Written by: Arthur Miller, based on his play
Directed by: Nicholas Hytner
Starring: Daniel Day-Lewis, Joan Allen, Winona Ryder, Paul Scofield, Bruce Davison
- Running audio commentary with scribe Miller and director Hytner
- Convo between Day-Lewis and Miller
- Making-of featurette
Released by: Fox
My Advice: Own it.
It’s the 17th Century in the New World. John Proctor (Day-Lewis) is an essentially good man in Salem, Massachusetts, who prizes his honor above all else. He did, however, make one small mistake: he had an affair with a young local girl (Ryder) while his wife (Allen) was ill. Now, he can’t seem to get rid of the girl. When he refuses to continue frolicking with her, the girl uses an opportune moment to bring up charges of witchcraft. Thus sets in motion the hysteria that would lead a bunch of zealots to hang a bunch of innocent people.
[ad#longpost]This film has been considered a powerful statement and a canvas on which you can paint your own interpretation. Miller’s original intent was to shine a light on McCarthyism by going back and pointing a finger at history, saying essentially, “Hey, dumbasses, have you learned nothing?” Paint whatever picture you want–whether it’s literal hysteria about satanism or just a condemnation of religious (as opposed to spiritual) fervor in general. What matters is that Hytner and Miller teamed to create a film so powerful that it will stand up to whatever interp you want to place on it. I remember hearing at the time that this came out how Hytner was a little trepidacious about asking Arthur Miller to make changes to his work, but how in turn Miller would nod and agree and then change it. The fact that they were able to work together so well is apparent in the final product.
Miller’s work is just as powerful in this form as on stage, thanks to the amazing cast. Joan Allen is as strong as ever, and Winona Ryder has given us two really good dramatic roles–both alongside Daniel Day-Lewis. I have a theory that Day-Lewis is such a strong actor that he actually has talent leftover to bestow upon others, much like The Flash and his speed force. How can you not give the best performance of your life working alongside Day-Lewis? Because if you didn’t, he would squash you like a bug on screen. Day-Lewis’ ability to become his role is just as much in evidence here as in other films, like Last of the Mohicans or My Left Foot. Just brilliant.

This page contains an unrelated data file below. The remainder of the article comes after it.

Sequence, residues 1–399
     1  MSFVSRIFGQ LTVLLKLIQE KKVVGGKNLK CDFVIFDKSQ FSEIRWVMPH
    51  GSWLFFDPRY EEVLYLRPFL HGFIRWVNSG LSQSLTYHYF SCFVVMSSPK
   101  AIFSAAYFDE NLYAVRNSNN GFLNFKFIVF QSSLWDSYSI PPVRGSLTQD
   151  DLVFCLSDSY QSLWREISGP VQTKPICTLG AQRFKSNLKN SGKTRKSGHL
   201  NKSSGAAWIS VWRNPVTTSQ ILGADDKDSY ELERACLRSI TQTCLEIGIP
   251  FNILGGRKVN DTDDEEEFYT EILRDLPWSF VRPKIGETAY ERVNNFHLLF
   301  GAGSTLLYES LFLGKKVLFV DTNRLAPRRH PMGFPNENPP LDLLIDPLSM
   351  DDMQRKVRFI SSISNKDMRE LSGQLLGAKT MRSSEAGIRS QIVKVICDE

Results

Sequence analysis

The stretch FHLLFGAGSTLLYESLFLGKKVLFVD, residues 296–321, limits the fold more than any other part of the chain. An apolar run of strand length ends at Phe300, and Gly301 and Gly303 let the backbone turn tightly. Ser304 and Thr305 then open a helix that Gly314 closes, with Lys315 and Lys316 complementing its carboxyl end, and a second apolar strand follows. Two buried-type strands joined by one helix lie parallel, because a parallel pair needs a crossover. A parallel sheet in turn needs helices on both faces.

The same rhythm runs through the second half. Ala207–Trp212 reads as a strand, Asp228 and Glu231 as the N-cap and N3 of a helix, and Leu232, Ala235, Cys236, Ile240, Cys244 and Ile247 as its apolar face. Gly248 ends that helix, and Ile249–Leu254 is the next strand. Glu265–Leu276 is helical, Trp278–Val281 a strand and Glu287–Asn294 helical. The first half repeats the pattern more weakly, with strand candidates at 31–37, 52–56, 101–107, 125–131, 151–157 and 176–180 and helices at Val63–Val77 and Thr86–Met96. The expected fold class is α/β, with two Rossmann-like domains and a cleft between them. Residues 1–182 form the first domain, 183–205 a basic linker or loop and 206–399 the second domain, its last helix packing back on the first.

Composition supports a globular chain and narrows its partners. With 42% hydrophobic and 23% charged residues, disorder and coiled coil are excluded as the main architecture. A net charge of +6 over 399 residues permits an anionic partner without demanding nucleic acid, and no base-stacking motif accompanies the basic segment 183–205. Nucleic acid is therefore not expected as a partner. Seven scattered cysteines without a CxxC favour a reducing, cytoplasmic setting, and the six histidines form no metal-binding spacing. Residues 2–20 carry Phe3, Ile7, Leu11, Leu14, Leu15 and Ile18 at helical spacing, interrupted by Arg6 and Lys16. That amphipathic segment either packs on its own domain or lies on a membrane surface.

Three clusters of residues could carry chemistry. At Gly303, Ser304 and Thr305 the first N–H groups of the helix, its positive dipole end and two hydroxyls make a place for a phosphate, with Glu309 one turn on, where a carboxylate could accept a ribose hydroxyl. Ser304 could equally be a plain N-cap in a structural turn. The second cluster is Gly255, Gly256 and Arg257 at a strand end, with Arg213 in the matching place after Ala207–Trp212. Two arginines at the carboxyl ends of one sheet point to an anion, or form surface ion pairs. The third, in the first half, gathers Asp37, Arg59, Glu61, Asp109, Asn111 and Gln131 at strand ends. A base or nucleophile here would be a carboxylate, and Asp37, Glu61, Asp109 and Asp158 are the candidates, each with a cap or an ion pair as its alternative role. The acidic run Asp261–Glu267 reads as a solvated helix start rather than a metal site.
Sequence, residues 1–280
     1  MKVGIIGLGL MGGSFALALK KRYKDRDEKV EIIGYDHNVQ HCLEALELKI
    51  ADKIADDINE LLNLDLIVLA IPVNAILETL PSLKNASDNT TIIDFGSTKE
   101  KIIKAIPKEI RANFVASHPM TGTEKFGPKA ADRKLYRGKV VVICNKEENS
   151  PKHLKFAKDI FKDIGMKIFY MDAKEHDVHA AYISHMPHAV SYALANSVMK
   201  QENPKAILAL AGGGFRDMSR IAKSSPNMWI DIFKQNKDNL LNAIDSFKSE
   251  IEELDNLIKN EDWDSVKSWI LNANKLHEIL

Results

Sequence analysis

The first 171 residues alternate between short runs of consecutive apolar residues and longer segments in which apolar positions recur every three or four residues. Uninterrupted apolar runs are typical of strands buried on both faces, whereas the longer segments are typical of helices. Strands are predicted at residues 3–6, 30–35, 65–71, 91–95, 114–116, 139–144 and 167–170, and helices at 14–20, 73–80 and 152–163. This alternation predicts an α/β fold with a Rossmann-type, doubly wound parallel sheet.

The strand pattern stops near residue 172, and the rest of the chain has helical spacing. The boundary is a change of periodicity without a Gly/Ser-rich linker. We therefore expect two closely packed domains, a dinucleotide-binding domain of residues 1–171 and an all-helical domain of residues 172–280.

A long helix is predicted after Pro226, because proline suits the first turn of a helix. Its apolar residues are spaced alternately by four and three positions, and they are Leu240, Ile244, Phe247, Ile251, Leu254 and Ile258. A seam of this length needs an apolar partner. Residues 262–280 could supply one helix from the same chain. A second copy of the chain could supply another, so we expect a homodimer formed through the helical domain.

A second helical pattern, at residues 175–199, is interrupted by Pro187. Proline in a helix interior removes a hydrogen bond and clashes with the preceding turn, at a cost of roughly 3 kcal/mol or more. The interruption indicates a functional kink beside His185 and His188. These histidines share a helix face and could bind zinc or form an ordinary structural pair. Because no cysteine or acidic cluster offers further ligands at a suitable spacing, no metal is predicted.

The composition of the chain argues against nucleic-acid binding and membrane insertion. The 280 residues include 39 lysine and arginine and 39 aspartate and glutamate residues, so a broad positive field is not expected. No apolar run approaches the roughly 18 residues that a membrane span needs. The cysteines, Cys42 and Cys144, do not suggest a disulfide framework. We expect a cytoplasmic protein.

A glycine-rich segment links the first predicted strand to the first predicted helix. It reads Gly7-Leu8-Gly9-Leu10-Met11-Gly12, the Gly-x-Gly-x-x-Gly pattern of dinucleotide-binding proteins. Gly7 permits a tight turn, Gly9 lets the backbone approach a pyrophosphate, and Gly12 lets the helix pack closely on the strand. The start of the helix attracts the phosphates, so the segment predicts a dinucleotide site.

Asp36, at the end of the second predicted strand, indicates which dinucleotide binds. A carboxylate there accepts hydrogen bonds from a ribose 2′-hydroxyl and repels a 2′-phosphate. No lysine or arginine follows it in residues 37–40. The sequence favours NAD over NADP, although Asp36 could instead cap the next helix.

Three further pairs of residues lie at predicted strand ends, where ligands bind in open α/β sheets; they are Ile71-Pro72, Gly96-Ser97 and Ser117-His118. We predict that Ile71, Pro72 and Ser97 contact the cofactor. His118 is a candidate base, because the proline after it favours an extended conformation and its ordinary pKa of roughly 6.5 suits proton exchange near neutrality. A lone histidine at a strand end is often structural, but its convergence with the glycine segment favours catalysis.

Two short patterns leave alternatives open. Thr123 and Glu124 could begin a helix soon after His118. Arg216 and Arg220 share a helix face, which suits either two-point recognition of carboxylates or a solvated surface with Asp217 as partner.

I was a bit peeved when I looked at the back of the box on this thing. It lists the conversation between Day-Lewis and Miller, which is short and doesn’t really give a whole lot of information, or really give either man a chance to bring much forward. Then there’s the making-of featurette–and while it mercifully doesn’t have the blowing-smoke-up-skirts quality of many of these things, it also reuses a lot of the same answers from the previous convo, so a good half of it you’ve already seen–and a good quarter of it is footage from the film, which, again–you’ve already seen.
Looking at the back of the box, I thought: “Man, what a missed opportunity. You could have gotten Arthur Miller, the playwright and screenscribe, who brought this thing to the screen forty years after writing the original play, and Nicholas Hytner, the director, to give a killer commentary.” Then I put in the disc, flipped to the special features and–I’ll be damned, it’s a commentary with Miller and Hytner! Why in the hell you wouldn’t tout that on the back of the box so that people could get excited about it, I have no idea, but–there it is.
The commentary is actually quite good, if you can get away from the sad fact that Hytner doesn’t know the definition of purgery. Beyond that, you have Miller talking about what led him to write the play, the research that went into it, the differences between the play and reality, and what an impact the play has had on the world. The story he tells towards the end of a former Chinese political prisoner having seen the play performed and being amazed that someone who wasn’t Chinese could have written it speaks to just how well Miller tapped into something fundamental in the human condition. Hytner talks about what it was like to make this as his second film, how they changed the play (mostly in the first act), and what went into recreating Salem. Basically you get everything you would want to hear from these two, so it’s a must-listen.
The film is just powerful and timeless. The performances are downright electric and the entire thing is so amazing it’s almost painful to watch. I found it hard to rewatch it for this review, to be perfectly honest. But the good news is that Fox has given it a worthwhile treatment. Maybe one day Criterion will pick up the baton and run with it, but for right now, we are pleased.